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Mortgage Process


Florida Mortgage Process at Fidelity

Estimate Your Florida Home Loan Budget
Individuals and couples should approximate how much house they can afford. This lets you set realistic expectations for Florida house hunting and choosing a mortgage loan. While it’s important to determine a maximum home price, it’s equally important to examine monthly payments as a threshold too. In fact, monthly mortgage payments are not just principal and interest. They can include such items as taxes, mortgage insurance, HOA fees and homeowner’s insurance. For this reason, home buyers need to mindful of the all details instead of solely focusing on purchase power.

Attain Pre-Approval for a Mortgage Loan
Once you’ve estimated your maximum home price and monthly pay, home buyers should a pre-approval from their lender. This letter demonstrates how much money a mortgage lender has authorized you to borrow, centered on your savings, credit, and income. This should be done before seriously looking at potential homes. In fact, earning a pre-approval letter provides instant power to a home offer as the seller has strong indication that you’re qualified for a Florida mortgage loan.

House Hunting and Making an Offer
Now that you’ve been pre-approved, it’s time for the exciting part — house hunting. After visiting homes on the market with your real estate agent and selecting out the home you like, it’s time to make a bid. Your real estate agent will coach you as to how to structure the offer. It may include conditions that must be fulfilled before the transaction is closed. When you make your offer, you’ll generally submit a binder fee (or earnest money deposit). The binder is simply a cash deposit to demonstrate your commitment to buy the house. Binders can vary, but generally a minimum of 1% of the purchase price. At closing, the earnest money deposit will be incorporated into your down payment.

Get the Home Inspected
Once your offer is agreed, the next step in the mortgage process is normally a home inspection. A comprehensive home inspection gives you valuable details about the home’s condition and things that are not easily identified by home buyers.


Home Inspection Checklist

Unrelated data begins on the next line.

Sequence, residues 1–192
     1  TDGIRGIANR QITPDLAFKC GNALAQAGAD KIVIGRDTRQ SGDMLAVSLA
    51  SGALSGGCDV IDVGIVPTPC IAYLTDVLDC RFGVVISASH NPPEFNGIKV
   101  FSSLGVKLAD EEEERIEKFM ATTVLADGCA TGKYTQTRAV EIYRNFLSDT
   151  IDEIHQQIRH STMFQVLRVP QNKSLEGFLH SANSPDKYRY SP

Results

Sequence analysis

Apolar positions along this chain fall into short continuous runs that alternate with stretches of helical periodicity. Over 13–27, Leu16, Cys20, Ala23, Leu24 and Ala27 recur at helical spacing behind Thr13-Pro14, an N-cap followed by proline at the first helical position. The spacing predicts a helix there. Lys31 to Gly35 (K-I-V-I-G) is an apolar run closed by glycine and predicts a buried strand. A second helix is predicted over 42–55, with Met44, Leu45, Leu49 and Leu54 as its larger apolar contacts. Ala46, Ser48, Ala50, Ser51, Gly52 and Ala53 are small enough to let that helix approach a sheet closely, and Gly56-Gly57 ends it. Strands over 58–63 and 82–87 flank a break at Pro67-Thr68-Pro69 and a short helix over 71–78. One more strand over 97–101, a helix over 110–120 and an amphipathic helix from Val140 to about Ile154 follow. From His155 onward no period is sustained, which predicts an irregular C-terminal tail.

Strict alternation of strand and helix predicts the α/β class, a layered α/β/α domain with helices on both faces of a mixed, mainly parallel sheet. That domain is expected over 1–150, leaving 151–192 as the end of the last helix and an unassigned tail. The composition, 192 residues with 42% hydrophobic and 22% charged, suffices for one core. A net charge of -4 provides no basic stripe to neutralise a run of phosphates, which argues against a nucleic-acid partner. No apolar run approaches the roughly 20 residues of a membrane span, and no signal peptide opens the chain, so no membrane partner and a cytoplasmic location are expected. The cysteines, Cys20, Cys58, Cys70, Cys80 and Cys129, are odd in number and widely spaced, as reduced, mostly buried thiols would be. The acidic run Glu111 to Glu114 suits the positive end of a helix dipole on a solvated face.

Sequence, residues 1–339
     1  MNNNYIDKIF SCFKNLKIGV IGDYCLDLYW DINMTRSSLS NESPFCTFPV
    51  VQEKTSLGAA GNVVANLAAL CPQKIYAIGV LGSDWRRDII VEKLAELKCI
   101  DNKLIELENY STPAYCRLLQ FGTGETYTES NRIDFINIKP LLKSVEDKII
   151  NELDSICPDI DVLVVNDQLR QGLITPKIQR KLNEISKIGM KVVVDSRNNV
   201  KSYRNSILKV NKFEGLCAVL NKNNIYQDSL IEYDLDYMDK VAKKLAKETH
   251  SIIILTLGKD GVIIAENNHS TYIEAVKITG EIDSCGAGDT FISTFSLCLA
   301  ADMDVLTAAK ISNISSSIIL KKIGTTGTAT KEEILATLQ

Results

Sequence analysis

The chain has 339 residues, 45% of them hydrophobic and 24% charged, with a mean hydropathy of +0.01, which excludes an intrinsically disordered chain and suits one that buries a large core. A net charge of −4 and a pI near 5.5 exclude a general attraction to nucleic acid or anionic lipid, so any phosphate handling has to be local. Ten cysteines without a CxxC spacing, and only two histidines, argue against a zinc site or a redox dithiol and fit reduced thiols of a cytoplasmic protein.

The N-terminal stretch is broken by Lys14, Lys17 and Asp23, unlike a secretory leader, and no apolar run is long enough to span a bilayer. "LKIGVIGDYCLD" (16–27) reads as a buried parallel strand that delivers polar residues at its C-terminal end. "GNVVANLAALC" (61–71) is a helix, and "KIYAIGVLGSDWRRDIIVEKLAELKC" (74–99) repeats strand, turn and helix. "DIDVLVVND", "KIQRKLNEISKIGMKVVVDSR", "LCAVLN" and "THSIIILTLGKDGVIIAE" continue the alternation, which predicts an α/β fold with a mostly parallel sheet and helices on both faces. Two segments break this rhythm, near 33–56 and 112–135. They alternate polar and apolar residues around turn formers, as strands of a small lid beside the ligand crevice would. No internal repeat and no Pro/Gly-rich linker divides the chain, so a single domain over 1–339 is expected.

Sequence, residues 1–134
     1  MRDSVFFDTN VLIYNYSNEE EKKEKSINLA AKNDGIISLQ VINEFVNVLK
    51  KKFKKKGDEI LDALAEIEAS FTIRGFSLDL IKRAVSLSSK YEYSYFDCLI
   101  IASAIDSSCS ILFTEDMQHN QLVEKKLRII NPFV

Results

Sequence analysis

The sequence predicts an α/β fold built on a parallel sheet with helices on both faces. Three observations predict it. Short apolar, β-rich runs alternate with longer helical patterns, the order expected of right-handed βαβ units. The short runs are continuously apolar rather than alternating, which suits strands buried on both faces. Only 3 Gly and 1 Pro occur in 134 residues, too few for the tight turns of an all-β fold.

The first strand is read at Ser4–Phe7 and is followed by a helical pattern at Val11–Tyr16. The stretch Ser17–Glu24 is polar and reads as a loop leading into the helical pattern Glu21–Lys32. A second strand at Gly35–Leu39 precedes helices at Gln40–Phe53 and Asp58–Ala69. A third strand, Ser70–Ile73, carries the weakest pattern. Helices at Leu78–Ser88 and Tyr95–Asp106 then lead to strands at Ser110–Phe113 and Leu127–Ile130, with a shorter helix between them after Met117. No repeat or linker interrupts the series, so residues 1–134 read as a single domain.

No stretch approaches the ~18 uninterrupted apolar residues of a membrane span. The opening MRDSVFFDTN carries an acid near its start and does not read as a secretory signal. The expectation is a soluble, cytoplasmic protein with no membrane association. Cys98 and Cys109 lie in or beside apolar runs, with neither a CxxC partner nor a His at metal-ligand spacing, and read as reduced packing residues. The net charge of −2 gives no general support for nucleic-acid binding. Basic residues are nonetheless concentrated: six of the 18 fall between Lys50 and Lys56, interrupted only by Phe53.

• Appliances
  • Roof
  • Foundation
  • Electrical
  • Plumbing

Having a home inspection is vital because it helps the buyer know if a house may require expensive restorations. What is discovered during an inspection can become part of a sales discussion between purchaser and the seller.

Call Your Loan Officer at Fidelity
You may have already decided on a mortgage company when you got pre-approved. However, conditions may have changed since that pre-approval. Your Fidelity loan officer will scour the best rates and mortgage products to get your loan choice started.


Complete the Full Loan Application
After choosing a lender, the next stage is to complete a full mortgage loan application. Although most of the application was completed during the pre-approval phase, a few supplementary documents will now be required to get a loan file through underwriting. For instance, the lender will need the fully executed purchase agreement, as well as proof of your binder deposit. They may also ask for renewed income and asset documentation, such as pay stubs and bank statements. At this point, you will be given a loan estimate within three business days which will list the precise rates, fees, and terms of the home mortgage.

Order a Home Appraisal
Your lender will coordinate an appraiser to provide an objective estimation of the value of the home you’re purchasing. Lenders generally use a third-party company not linked with the lender. The appraisal confirms that you’re paying a fair market price for the house. Also, the appraisal price needs to be equal to, or lower than purchase price for the loan to close.

Home and Loan Closing
The lender will dispatch the closing documents, along with directions on how to prepare them, to the closing attorney or title company. You will likely meet in the attorney’s office. Get ready for a large pile of papers that you’ll be signing. One of the most critical documents is the Closing Disclosure. It should appear similar to the loan estimate you received when you completed the full loan application. The loan estimate gave you the projected costs. The closing disclosure corroborates those costs. In fact, they should tie pretty closely. Certain laws prevent them from varying too much. If everything is in order, you’ll sign all your documents, get your keys, and now you’re a Florida home owner!

mortgage process

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